Had Camacho touched the boat or the kayak, her attempt would be done. All she had to do was mumble the safe word — pineapple — and they would have pulled her immediately from the water. However, she’s tougher than that and Borowski was not about to let her give up.
“She screamed and cursed like I’ve never heard her before,” he said. “That was the frustrating part. She was shaking and getting chills. She easily could have gone into shock. We had to get her moving again.”
He jumped in and, with his encouragement, Camacho slowly began to propel herself toward Oahu’s Sandy Beach.
“I figured I had a few choices: I could be in pain and stay right there; I could get in the boat and still be in pain and not finish; or I could be in pain and make some progress,” she said. “That’s what got me going again.”
From then on, Camacho was determined to walk out of the ocean on that Oahu beach.
“I was like, don’t tell me how far it is, don’t tell me what time it is,” she said. “I think I was just mad by then. Coach Steve swam about a mile with me, but I was still pissed. It was really great to have a familiar face right in there with me after 8-9 hours. But I was still mad.”
Borowski was right with her, stroke for stroke. “It was very emotional for me. To see her put it all together and see that never-give-up attitude.”
After the pain and drama of the jellyfish, Camacho said the second half of the swim was more relaxed.
“It was kinda cool to see the fish, to see something out there beside me,” she said. “I kept calculating in my head how far to go. The worst part was the currents. They ripped us way over from where we started and had to adjust to hit the beach.”
Most of her support team jumped in and swam the last 1/8th of a mile. “That is a lot further than I remembered,” she said.
Borowski was the first one to sweep her into a huge hug. “It was quite something,” he said.
Camacho said the welcome she received was touching, although her favorite memory of the finish was reaching the hotel room.
“First of all, hotel showers are amazing. I had the most luxurious shower ever. I don’t even know how long I was in there, it must have been 30 minutes” she said. “It was warm and there was soap!”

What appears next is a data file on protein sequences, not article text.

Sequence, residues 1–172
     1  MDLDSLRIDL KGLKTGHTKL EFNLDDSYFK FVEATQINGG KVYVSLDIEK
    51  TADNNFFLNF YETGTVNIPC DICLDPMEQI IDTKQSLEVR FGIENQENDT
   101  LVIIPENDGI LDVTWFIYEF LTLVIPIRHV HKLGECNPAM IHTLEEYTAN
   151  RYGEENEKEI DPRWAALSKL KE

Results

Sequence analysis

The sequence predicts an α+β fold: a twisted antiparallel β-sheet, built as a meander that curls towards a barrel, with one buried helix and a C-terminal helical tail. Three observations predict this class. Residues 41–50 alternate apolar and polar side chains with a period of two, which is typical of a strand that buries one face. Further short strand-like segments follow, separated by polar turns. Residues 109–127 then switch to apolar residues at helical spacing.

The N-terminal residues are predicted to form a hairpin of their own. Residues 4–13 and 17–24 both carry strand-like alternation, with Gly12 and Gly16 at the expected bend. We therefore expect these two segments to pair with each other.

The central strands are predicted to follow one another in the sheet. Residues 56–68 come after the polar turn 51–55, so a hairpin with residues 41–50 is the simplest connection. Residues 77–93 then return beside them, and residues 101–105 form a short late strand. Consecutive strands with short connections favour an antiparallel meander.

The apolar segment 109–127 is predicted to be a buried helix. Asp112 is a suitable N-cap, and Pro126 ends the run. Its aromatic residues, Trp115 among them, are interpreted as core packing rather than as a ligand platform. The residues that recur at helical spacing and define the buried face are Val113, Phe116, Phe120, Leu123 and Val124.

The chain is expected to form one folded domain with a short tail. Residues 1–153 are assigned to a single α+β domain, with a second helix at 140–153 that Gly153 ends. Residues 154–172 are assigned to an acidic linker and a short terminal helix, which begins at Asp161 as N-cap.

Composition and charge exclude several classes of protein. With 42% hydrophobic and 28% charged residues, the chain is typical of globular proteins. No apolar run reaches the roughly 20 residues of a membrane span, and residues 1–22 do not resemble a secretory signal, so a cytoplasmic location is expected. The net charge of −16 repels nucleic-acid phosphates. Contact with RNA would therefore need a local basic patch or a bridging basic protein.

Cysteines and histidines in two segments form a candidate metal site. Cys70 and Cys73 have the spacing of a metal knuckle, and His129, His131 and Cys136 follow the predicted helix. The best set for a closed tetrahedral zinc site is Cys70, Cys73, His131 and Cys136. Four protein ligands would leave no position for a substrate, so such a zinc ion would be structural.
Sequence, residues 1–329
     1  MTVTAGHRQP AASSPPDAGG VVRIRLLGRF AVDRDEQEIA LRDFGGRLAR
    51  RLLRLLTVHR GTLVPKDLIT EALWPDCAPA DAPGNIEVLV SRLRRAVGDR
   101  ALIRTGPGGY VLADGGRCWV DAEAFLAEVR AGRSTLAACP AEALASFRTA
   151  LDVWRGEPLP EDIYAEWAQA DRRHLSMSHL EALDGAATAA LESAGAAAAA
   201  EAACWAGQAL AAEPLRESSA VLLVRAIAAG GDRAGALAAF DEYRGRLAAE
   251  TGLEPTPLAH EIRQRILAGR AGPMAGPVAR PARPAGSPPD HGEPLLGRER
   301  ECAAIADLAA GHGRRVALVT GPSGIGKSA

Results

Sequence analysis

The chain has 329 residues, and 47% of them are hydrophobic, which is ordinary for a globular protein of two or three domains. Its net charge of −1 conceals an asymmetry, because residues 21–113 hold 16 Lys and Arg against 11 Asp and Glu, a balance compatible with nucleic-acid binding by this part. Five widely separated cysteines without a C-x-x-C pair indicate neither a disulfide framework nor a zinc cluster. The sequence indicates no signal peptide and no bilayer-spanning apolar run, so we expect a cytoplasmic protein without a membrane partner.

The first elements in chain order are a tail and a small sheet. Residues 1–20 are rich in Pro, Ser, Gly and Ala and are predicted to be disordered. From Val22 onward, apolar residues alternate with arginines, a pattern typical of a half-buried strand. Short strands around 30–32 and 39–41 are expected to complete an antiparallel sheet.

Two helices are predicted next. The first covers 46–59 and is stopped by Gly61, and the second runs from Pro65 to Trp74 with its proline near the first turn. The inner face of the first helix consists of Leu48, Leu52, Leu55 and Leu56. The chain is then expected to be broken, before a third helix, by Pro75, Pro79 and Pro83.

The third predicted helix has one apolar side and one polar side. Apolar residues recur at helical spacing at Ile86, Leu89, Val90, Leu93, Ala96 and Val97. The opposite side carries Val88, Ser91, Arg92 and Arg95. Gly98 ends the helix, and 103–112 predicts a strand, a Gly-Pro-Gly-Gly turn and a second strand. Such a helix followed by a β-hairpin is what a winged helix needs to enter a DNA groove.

Because her mouth was swollen from the sea water, food was not on the agenda, and the adrenaline meant she couldn’t sleep.
“My phone was blowing up. I had 90 messages and about 200 on Facebook,” she said. “It was very humbling. When we finally got home and arrived at the airport and the whole team was there, that’s when I cried. That’s when it started to sink in.”
The entire endeavor cost more than $7,000, including an escort boat and kayaks, flights between Molokai, Oahu and Kona, food, lodging, and a shark shield. Camacho did some fundraising and accepted donations to cover expenses.
“I could never have done this without all my friends, family and supporters,” she said. “It wasn’t just me.”
With her summer swim behind her, Camacho has had time to reflect on her accomplishment.
“I was so stressed out the last year. I got negative comments about trying to swim the channel. I remember those hurt the most, but they just made me turn it on full force,” she said. “I had to remember to not be the one who says you can’t do it. That can destroy it all. It’s just a battle between your mind and your body.”
Camacho said she has always been quite comfortable in the ocean, although she does admit to being a bit timid when younger.
“I was terrified of waves and currents. I remember one time with my dad when I was about 7 or 8. He was pushing me around on a boogie board and I just got pummeled by the waves,” she said. “From then on, I’d go way far out past the waves. My friends would all be playing on the beach and I’d be way out there swimming.”
“I played soccer, cheerleader, piano, karate, but I never stopped swimming,” she said. “Now I do triathlon. The way you push yourself is different on the bike and the run, but I love it. My dad and I are going to do Ironman the year he turns 60. But we have a few years to train.”
In addition to eyeing triathlons, Camacho, who carries a 3.5 GPA, is mulling offers from mainland colleges. Of course, she’ll swim competitively at the collegiate level, and intends to study business and psychology.
Karin Stanton is the editor of the award-winning Hawaii 24/7 (Hawaii247.com), and has more than 20 years of journalism experience on the Big Island.